Miraculously, I stayed well. I stayed well when I moved from being a group worker to a case manager. I stayed well when I signed up to train as a Probation Officer. I thoroughly enjoyed the training, and continued to remain in remission – give or take a few tiny wobbles here and there – as a qualified Probation Officer. I enjoyed the variety of the work. Clients might have any number of problems, from substance misuse to homelessness, parenting difficulties to unemployment, loneliness to lack of money. Frontline probation work was like a crash course in understanding the Welfare State, and I quickly learned how to help people claim financial benefits, apply for housing, register with a GP, access drug treatment, and so on. Many clients needed extra help because they had difficulties reading and writing, having never gained basic literacy skills, or having little spoken English. I had to read court paperwork, letters from the immigrations service, drug test result sheets, prison discharge papers, and translate them into terms that my clients could understand. Sometimes the role of a Probation Officer felt like leading people through a maze they could not comprehend, pointing them in the right directions, to help them re-enter mainstream society.
So that’s what I used to do. Deal with officialdom, complexity, as the bread and butter of my professional life. But then eventually my remission ran out. I carried on at work for an astonishing nine months, getting sicker and sicker, trying not to let it show. Once again, I didn’t really work out what was going on, and so I left it to the point of having panic attacks, nightmares, and gory hallucinations of extreme self-harm before I sought medical help. More than a year into my sick leave, it’s almost impossible for me to believe that I was ever a doer, a fixer, an interpreter of official language and systems. Technically, I'm the same person, so I must have the same level of intelligence, the same qualifications. But my skill base, my understanding of how to Get Stuff Done, has seemingly disappeared. Official letters, complex forms, and financial documents are all now a source of fear. I stare at them, willing myself to process them (come on! You used to be able to do this!), but it just doesn't happen. I literally struggle to read them, my eyes sliding across the page, sometimes snagging on a word or two which makes sense, seems familiar. The overall meaning of the text is, however, utterly opaque. It’s got to the stage that when a distinctive brown envelope from the Department of Work and Pensions drops through my letter box, I am terrified to open it. What do they want from me?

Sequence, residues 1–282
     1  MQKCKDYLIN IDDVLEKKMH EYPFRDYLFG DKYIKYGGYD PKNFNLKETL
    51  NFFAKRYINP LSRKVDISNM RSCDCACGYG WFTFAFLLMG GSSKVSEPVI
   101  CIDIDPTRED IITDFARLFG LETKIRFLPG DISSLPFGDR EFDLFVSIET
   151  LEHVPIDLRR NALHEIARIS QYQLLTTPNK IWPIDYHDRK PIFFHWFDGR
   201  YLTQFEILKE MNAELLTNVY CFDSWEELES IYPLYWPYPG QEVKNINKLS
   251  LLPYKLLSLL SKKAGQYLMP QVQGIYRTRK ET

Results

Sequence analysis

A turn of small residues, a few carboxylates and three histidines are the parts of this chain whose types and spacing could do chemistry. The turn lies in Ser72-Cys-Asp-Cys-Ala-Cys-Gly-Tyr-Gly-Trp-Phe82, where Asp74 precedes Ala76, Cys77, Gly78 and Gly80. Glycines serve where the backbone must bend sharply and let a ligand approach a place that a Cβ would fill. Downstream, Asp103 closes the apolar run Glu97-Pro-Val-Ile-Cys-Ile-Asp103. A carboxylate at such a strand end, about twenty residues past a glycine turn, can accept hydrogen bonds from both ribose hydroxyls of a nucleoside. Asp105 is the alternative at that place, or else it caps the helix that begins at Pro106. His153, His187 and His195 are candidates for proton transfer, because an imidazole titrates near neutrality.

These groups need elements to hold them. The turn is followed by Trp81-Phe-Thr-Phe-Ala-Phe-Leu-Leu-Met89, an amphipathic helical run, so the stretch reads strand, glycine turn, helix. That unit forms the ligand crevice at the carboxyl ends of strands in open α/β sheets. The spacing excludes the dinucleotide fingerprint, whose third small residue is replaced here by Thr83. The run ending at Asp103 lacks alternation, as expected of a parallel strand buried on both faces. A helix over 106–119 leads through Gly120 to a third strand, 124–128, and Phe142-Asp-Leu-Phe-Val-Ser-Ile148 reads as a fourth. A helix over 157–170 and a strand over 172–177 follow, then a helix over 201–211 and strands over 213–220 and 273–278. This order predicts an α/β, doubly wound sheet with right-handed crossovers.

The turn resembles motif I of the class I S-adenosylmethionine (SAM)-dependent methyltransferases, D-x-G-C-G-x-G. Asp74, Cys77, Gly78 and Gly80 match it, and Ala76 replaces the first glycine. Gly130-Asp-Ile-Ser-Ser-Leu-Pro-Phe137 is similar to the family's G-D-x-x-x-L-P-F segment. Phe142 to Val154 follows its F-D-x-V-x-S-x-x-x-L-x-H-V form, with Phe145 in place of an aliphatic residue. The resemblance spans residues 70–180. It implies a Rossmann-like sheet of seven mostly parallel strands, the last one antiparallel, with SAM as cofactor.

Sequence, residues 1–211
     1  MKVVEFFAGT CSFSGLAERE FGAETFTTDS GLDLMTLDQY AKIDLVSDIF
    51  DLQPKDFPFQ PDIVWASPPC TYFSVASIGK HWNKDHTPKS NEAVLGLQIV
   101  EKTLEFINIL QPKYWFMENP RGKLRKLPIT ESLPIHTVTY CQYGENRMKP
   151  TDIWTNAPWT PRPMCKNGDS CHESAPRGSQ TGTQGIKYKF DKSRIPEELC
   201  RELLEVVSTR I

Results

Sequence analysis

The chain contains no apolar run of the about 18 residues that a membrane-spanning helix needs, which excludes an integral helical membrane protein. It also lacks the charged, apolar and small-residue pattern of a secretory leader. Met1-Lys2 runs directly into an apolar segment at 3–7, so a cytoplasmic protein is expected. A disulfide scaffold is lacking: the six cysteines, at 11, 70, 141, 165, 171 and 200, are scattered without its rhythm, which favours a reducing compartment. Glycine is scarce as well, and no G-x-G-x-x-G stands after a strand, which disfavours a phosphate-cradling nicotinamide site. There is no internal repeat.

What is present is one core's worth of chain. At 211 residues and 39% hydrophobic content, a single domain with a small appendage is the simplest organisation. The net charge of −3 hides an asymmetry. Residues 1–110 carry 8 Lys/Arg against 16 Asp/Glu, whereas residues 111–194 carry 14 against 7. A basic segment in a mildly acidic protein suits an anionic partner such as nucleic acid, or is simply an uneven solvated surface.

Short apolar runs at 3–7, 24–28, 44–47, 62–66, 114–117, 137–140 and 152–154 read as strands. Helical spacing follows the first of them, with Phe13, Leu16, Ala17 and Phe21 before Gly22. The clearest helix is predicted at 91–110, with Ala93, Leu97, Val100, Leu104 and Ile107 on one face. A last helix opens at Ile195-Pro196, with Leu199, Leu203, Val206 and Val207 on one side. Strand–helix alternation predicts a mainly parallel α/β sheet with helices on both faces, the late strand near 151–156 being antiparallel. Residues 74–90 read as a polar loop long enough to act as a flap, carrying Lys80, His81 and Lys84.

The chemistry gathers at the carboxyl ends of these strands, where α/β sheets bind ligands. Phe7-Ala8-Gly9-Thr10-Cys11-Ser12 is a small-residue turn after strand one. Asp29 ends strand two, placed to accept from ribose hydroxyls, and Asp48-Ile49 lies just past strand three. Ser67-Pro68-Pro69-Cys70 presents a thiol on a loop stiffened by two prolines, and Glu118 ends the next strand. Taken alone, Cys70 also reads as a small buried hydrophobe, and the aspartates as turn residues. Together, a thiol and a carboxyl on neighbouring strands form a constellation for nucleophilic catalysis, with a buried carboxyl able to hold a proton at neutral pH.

To manage my life, I now have to find doers/fixers who will do and fix things for me. My endlessly patient partner helps me with my finances. Without his input, bills would go unpaid, mistakes would remain unchallenged, and I would be in all kinds of monetary difficulty. Nor would I have an income at all, if not for the lovely lady at my local disability rights centre. She explains to me what the DWP letters are all about, and helps me complete benefits claim forms. She reads the aloud the questions and skilfully condenses my lengthy, halting, and emotionally raw responses into something which will just about fit into a free text box. Sometimes I cry during this process, or afterwards. I'm grateful to her; how could I not be? But it leaves me feeling depressed, humiliated. I am not as I once was. My continued mood fluctuations and on-going med side effects have put me on what feels like the wrong side of the desk. And I don’t know how or when I will get back.